Okay, let’s face it: Learning is a human function. Kids learn naturally and effortlessly well before they become students. Students learn complexly in their non-school endeavors. Yet when it comes to education, students — young through old — use an unnatural approach to learning, a method that leaves students perplexed and educators frustrated. Below are three research-based facts students must understand about memorization so they can advance toward deeper learning and higher performance.
Whether working with college or high school students, kids or adults, I’ve realized that students attribute their academic success to great memorization skills. The percentage of study and reading time students spend simply on memorizing is not only astonishing, but it is unnatural. The human brain innately uses a range of thinking skills when interacting with the world.
Beginning at around two years old, toddlers incessantly ask, What is this, Mommy? What is that, Daddy? I call this the “what stage.” This is a basic stage of learning in which kids are acquiring and storing information in their little minds. Soon afterwards, at around three years of age, children advance beyond asking what questions to asking why questions. It’s as if their minds have accumulated enough basic information and now want to make sense of what it has stored.
Children effortlessly progress from wanting only to identify objects to needing understanding of why the objects exist. Students must allow this natural mode of inquiry to unfold throughout their academic lives.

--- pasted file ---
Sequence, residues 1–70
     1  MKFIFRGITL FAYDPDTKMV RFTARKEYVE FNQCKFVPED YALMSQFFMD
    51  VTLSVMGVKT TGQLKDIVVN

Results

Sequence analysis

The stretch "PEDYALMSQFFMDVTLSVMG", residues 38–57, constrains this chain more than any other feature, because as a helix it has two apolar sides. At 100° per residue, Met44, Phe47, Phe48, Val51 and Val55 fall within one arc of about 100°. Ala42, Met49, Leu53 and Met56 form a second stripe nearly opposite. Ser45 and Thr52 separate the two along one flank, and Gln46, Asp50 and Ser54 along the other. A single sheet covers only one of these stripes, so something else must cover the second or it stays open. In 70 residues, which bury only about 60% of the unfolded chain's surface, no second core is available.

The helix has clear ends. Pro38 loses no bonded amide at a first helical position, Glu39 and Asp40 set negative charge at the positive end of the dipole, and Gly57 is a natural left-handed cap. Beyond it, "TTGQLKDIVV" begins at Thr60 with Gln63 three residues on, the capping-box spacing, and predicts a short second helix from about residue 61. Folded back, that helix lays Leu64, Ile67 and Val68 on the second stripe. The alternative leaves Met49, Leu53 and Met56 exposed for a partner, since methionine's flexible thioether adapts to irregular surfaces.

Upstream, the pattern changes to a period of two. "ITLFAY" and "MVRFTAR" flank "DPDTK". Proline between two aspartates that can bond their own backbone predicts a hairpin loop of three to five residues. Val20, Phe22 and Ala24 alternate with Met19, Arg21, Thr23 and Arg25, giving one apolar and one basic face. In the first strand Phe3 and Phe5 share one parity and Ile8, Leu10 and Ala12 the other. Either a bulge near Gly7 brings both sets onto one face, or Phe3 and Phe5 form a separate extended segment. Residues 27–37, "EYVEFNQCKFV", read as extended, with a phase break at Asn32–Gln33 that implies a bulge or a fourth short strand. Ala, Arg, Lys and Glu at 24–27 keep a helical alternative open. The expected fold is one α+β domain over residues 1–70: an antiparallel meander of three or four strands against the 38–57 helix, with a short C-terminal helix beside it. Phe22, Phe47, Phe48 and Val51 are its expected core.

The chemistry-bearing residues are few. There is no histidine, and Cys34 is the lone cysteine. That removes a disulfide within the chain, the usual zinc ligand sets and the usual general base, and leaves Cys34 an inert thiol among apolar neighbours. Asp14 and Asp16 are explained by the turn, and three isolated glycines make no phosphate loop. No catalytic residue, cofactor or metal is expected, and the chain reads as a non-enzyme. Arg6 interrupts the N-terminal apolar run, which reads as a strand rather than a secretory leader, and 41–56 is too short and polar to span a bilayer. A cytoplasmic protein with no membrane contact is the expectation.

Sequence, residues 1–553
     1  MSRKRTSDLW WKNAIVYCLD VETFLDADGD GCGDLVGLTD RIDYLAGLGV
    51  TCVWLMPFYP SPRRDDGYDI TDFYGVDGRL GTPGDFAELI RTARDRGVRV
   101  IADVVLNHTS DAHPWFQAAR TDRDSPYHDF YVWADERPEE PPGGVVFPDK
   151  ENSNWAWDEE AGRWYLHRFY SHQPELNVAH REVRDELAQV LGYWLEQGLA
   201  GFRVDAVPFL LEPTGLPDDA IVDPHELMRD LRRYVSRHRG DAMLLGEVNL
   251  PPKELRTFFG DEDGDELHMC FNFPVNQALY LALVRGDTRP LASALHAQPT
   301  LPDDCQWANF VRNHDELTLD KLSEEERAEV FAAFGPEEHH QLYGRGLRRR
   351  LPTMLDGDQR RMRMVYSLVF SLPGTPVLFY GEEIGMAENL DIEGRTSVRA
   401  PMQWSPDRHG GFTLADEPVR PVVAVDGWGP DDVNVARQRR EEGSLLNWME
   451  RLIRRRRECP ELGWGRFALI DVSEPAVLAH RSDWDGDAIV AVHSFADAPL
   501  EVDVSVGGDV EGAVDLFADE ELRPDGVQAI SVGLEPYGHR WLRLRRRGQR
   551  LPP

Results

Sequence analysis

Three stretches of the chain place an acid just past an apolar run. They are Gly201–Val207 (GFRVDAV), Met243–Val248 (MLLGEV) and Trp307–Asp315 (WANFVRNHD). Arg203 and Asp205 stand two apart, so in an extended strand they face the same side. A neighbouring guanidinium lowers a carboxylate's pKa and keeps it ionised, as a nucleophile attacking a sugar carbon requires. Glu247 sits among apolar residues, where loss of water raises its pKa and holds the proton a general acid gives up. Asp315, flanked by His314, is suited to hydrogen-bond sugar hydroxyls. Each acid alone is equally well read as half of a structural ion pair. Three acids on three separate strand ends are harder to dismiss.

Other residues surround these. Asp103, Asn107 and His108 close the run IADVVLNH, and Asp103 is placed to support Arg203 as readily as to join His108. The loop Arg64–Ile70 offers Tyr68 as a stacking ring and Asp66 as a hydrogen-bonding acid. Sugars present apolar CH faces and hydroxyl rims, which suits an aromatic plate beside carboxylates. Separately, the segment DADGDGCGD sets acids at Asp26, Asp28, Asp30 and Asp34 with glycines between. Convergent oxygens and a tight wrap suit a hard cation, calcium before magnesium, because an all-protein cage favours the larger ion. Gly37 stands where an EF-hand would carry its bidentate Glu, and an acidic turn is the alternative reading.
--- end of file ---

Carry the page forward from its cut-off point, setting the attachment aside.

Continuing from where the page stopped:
Students habitually make improper judgments about their knowledge. They often report recognizing the content on tests, but they are not prepared to interact with the content in the ways that exam questions demand. Students need to know that memory-based knowledge is both fragile and fleeting. Information processed only at the memorization level is delicate. Students must use other thinking skills, along with memorization skills, to fortify their knowledge.
Students need to realize that memorized information will vanish! It’s not a question of “if” but “when” their knowledge will be inaccessible. How many times have students become excited as they recognized that the wording of a test question matched material they’d studied, only to find that the knowledge they had accumulated was missing in action? This is a chief cause of the widespread sentiment among students that teachers are trying to trick them on tests. The students didn’t do anything necessarily wrong when studying. It’s just that memorized knowledge requires an adequate cue to activate it, and rigorous exams are cue-less.
Memorization is a wonderful counterfeit for learning. As students memorize, they accumulate learning outcomes. They are able to recall and retrieve terms and ideas from memory that they were completely or largely unaware of before studying. This process of accumulation creates feelings of mobility in learning, internal affirmations that students are moving along and progressing in their knowledge. However, they never move beyond the shallowest type of interaction. In essence, they never stop asking what questions. They actually short-circuit their mind’s instinctive desire to follow up those what questions with a deeper string of questions.
You can read more about the direction of learning in the article Why Good Students Do Bad’ in College at: http://bit.ly/1bERkXs.
The ThinkWell-LearnWell™ Diagram and Learning Sufficiency Diagram have been used by thousands of students and educators to help students independently navigate toward deeper thinking and more meaningful learning. They can be freely downloaded at: https://www.thelearnwellprojects.com/resources-2/.